US envoy says Taliban agree to reduce Afghan casualties
"At present too many Afghans are dying. With the re-set, we expect that number to drop significantly," Zalmay Khalilzad, who negotiated a February 29 deal with the Taliban to pull out US forces, wrote on Twitter.
"This means reduced numbers of operations," Khalilzad said.
"Attacks have been on the rise in recent weeks -- threatening the peace process and alarming the Afghan people and their regional and international supporters."
Under the February 29 agreement, the Taliban agreed not to allow Afghanistan to be used by foreign extremists -- the original reason for the US invasion after the September 11, 2001 attacks -- and halted operations against Western forces.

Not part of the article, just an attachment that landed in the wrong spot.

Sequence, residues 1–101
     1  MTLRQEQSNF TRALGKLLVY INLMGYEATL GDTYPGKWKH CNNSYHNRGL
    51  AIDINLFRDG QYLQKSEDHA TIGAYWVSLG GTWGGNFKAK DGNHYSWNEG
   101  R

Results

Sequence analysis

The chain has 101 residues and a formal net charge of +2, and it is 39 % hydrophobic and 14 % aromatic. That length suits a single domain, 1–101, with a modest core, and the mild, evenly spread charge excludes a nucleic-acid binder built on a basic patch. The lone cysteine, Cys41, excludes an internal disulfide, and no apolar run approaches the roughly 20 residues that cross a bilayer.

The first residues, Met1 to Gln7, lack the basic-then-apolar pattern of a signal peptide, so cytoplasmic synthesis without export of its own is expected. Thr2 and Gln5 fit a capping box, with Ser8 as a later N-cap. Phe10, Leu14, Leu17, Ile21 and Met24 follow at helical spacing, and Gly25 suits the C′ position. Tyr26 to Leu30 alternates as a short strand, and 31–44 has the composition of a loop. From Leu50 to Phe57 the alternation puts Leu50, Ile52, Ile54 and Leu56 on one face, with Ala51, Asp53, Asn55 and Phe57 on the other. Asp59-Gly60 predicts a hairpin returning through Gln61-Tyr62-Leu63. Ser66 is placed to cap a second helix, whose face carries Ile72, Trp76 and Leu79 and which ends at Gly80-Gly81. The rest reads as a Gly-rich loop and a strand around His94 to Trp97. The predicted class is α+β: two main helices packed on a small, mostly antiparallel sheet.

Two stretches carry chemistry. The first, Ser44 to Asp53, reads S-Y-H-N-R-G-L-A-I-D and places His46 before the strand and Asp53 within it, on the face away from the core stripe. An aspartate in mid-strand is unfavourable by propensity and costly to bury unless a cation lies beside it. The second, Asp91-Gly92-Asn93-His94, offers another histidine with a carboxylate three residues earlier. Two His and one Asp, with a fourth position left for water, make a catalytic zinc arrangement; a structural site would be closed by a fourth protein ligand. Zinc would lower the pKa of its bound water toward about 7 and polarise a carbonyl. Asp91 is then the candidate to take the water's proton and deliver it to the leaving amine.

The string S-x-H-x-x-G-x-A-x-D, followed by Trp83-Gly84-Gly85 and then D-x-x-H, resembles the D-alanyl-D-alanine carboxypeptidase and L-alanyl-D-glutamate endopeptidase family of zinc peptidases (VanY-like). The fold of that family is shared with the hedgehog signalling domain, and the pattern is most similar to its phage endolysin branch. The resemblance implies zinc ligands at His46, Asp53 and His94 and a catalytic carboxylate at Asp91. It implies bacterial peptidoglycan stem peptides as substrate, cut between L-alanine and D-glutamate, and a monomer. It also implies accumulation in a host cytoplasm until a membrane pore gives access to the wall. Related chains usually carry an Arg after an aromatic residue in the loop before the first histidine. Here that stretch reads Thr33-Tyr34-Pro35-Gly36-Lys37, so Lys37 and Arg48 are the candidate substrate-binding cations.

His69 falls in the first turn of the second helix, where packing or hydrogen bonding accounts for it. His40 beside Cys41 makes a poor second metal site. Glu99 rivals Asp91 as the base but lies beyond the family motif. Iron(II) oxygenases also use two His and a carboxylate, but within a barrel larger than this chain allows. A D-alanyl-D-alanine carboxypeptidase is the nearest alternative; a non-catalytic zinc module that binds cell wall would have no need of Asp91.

The Taliban did not promise to end violence against the internationally recognized government in Kabul but said they would discuss a "permanent and comprehensive ceasefire" in peace talks.
Those talks began last month in Doha although there has been little apparent progress, with disputes even on the nature of how to negotiate.
In recent days tens of thousands of people have fled as the insurgents launched an attack on the city of Lashkar Gah in restive Helmand province, prompting the US to call in air strikes to defend Afghan forces.
He voiced hope last week at withdrawing all troops by Christmas, speeding up the timeline agreed in Doha.